98-year-old woman recounts career as a spy behind enemy lines in Germany
'My hope is people will walk away with a message of strength that one individual could make a positive change'
Marthe Cohn was a tiny, blond, blue-eyed, 24-year-old from Metz who had joined the French army just three weeks earlier, in 1944, to work as a social worker and nurse.
Her sister had been sent to Auschwitz. The rest of her family had fled to the south of France. Cohn wanted to fight back against the Germans any way she could.
That was the plan, anyway, until Cohn met the regiment's colonel, who asked her to work for him as his office assistant.
"He asked me to answer his phone," she said.
Once he'd given Cohn a tour of the office, he had to leave and apologized for leaving her with nothing to do because, he explained, his office contained only German books.
"And I answered, I read German fluently," Cohn said, in an interview with CBC's Terri Trembath.
The information piqued the colonel's curiosity. Did she also speak German?
"I told him yes — as well as [I spoke] French," she said.
That's when the colonel explained how in Germany all males over the age of 12 wore military dress, so that any man dressed in civilian clothes would immediately be detained and arrested.
As a result, the Allies were desperately seeking women to drop behind enemy lines in order to blend in with the population and provide intelligence for the war effort.
"He asked me if I would accept being transferred to the intelligence service and I accepted. That's how I became a spy," Cohn said.
Cohn was in town to speak about her wartime spy experiences on behalf of Chabad Lubavitch of Alberta — on Tuesday night at the Jack Singer Concert Hall — as well as to be white-hatted by Mayor Naheed Nenshi.
Adopting the identity of a German nurse searching for her lost soldier husband, Cohn travelled throughout Germany, speaking to both German soldiers and civilians.
"My mission was a dual mission. I got military information but also information [about] how German civilians were reacting to war and behaving, because that was very important for Allied armies who were going to occupy Germany," she said.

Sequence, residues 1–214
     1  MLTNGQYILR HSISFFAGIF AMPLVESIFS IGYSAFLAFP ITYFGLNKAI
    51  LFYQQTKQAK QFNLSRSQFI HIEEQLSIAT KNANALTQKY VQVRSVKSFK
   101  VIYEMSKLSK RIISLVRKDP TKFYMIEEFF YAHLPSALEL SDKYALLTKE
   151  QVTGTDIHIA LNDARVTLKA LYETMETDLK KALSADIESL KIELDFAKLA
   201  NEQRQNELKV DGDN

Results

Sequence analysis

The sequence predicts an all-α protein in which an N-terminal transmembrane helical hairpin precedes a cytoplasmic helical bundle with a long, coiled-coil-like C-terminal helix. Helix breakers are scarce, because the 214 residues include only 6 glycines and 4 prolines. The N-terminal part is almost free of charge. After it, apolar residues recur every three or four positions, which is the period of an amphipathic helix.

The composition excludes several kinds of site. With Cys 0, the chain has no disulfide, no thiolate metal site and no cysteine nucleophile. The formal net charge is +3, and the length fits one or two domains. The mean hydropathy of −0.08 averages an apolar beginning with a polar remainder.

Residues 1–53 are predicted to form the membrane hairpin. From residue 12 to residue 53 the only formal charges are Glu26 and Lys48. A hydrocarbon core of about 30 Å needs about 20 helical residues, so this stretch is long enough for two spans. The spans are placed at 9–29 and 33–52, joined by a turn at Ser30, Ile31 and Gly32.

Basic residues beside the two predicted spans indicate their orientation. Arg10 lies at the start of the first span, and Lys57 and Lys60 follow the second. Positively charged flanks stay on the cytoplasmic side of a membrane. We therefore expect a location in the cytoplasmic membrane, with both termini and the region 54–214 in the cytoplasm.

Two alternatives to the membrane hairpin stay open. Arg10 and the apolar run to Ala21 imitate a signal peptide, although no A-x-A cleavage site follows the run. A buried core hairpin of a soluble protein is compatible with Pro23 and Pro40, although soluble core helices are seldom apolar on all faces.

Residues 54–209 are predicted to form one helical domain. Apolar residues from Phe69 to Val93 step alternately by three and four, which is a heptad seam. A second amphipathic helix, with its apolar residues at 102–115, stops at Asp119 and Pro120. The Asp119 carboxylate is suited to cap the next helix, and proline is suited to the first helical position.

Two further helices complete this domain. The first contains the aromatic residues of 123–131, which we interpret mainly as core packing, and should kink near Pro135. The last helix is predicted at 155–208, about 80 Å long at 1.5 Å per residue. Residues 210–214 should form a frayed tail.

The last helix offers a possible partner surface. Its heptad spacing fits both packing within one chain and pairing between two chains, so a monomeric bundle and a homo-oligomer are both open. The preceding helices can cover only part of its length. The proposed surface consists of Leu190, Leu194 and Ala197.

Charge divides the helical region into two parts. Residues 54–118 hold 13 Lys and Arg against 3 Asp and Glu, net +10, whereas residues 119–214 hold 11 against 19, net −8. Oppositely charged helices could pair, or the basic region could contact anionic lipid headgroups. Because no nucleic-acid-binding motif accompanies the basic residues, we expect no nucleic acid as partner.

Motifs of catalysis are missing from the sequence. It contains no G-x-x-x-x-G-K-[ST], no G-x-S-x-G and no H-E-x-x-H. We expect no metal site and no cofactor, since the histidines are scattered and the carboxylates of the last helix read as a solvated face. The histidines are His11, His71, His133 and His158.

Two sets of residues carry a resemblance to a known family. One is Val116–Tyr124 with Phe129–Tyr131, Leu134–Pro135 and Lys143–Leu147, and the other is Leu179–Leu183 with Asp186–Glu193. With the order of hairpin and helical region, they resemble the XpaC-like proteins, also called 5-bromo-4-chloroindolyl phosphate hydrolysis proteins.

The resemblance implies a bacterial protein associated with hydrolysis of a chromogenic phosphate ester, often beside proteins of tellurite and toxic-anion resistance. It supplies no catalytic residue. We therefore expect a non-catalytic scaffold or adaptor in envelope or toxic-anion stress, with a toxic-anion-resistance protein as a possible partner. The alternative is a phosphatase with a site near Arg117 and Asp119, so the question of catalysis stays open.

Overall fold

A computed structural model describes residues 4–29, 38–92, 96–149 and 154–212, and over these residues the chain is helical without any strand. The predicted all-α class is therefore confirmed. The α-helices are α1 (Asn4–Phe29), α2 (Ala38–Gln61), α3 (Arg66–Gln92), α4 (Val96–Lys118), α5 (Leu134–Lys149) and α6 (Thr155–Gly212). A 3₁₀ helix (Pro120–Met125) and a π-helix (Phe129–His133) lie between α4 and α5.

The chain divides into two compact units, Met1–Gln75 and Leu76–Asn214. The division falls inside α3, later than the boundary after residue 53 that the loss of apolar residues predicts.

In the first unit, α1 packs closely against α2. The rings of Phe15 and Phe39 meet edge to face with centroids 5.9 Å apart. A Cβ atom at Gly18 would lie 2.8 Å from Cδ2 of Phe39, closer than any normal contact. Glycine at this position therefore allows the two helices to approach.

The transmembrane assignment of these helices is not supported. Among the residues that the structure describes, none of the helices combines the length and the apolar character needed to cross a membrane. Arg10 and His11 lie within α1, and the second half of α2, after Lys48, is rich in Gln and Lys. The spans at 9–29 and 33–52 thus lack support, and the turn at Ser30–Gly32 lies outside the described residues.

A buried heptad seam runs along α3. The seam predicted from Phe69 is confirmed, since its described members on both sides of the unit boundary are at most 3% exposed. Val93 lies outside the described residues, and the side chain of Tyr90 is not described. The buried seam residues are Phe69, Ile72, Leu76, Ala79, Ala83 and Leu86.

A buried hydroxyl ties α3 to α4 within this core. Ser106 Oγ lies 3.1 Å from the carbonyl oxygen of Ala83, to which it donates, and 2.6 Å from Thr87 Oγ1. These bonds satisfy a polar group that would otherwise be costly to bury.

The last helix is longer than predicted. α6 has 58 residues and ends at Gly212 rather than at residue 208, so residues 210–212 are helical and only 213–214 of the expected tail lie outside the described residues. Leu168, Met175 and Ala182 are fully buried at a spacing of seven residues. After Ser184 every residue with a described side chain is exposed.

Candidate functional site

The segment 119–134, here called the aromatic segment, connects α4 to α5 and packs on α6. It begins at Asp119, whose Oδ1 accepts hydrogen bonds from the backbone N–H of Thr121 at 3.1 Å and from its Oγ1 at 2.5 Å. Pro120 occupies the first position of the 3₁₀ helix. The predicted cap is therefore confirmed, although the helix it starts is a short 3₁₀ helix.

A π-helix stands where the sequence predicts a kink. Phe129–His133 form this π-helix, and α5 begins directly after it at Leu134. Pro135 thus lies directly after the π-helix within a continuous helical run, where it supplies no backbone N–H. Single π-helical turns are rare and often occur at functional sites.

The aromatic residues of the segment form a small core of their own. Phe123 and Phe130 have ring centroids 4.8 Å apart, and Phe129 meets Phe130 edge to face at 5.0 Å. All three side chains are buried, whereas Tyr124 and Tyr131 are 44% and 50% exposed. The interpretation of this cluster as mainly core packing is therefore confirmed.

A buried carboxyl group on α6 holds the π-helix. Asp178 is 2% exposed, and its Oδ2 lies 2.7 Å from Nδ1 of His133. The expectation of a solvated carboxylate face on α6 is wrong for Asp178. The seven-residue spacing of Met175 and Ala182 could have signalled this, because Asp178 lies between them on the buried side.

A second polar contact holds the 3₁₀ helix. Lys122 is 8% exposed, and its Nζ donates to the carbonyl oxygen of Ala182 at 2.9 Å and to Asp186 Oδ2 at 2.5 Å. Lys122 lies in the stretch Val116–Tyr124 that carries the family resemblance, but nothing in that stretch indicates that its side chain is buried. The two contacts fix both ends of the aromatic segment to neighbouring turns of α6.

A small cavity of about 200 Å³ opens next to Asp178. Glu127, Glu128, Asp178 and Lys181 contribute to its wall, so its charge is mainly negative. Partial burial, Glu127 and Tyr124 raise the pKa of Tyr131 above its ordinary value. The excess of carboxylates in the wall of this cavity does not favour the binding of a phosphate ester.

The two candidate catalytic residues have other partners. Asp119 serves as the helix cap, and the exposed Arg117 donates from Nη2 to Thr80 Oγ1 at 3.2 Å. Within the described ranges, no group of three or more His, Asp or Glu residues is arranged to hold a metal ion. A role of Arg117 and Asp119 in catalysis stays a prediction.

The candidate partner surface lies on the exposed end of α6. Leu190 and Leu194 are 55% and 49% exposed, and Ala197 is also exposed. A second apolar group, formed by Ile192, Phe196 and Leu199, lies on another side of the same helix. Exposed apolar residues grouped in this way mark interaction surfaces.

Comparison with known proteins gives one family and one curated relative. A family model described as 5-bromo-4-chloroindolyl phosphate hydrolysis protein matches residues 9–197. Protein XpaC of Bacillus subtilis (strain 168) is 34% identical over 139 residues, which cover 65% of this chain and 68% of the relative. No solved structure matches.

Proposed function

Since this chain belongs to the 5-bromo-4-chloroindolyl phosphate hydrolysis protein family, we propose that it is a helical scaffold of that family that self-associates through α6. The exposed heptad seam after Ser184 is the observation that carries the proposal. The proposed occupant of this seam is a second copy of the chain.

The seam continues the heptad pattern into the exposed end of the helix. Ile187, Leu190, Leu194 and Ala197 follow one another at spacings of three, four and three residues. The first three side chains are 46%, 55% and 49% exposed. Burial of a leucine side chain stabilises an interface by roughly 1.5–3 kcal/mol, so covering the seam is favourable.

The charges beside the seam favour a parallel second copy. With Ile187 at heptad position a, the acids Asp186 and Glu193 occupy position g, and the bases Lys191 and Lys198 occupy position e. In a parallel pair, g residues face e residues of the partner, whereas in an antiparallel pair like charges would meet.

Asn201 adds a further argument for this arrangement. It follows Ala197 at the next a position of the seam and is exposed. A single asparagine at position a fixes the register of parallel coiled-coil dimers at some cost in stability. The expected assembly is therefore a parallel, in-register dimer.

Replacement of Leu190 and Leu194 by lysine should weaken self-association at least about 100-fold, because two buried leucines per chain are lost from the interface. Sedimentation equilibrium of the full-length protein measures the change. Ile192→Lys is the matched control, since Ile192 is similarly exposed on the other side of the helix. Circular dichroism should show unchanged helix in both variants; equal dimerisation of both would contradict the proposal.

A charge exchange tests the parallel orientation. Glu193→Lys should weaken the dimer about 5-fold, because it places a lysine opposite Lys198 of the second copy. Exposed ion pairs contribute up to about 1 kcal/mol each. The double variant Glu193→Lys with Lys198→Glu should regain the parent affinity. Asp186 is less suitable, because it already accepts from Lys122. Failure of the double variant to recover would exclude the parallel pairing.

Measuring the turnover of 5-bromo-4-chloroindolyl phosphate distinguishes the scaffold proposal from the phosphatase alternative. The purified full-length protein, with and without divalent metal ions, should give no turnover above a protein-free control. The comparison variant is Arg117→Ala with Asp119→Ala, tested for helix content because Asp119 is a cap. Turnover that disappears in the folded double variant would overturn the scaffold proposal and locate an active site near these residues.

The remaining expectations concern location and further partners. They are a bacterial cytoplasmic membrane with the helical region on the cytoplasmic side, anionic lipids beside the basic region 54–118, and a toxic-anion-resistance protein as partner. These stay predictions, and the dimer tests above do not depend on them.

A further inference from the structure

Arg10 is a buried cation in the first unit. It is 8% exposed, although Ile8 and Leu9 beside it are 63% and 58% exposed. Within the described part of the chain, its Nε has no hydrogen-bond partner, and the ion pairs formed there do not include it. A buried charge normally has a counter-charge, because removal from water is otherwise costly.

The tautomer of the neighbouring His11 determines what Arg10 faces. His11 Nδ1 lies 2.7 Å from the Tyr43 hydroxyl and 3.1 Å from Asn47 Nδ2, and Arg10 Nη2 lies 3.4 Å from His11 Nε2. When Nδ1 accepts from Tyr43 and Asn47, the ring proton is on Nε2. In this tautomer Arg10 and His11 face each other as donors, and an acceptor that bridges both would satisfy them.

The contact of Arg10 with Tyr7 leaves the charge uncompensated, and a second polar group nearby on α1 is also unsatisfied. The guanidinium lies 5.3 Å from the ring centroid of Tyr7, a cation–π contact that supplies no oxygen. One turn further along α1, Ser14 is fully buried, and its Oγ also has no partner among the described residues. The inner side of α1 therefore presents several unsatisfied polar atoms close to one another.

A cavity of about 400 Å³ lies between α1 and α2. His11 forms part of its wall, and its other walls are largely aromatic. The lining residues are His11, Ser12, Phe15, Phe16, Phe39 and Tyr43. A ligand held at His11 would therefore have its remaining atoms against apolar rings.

It was a harrowing existence, where her life was on the line pretty much every day — but Cohn managed to talk her way out of trouble every time it found her.
That included a German woman who asked her if she was a spy. Cohn got out of it by making a joke out of the question, and the woman became her friend.
"We became great friends. She saved my life," Cohn said.
In 2002, Cohn published a memoir, Behind Enemy Lines: The True Story of a French Jewish Spy in Nazi Germany.
She received the Croix de Guerre and Médaille Militaire, and, at age 80, was awarded France's highest military honor, the Chevalier de la Légion d'honneur (Legion of Honour).
'Exactly like in the '30s'
Now, on the cusp of turning 99, Cohn, who lives in California, looks around and sees disturbing similarities to the way language was manipulated in the 1930s.
"It's a very dangerous time right now. It's exactly like in the '30s. Because our president — and I don't mind saying that — follows exactly what [Nazi propaganda chief Joseph] Goebbels did for propaganda.
"Do you know [the idea of] fake news came from Goebbels?" she said. "[President Donald Trump] didn't invent it.
"Constant lies [get] repeated, because if you repeat them often enough, people will believe them."
She continues to do public appearances internationally, even as she closes in on the century mark, to share a message the world needs to hear, she said.
"I have done it all these years so that people remember," she said.
"Not just for the Jews — I mean for all kinds of people."
Rabbi Menachem Matusof, executive director of Chabad Lubavtich of Alberta, said Cohn's message is proof that one person can make a big difference.
"To have a lady who was in her 20s and sacrificed her life to be a spy in Nazi Germany in World War II, to stand up for the rights of freedom and her own people and a better world, is a tremendous, positive message," he said.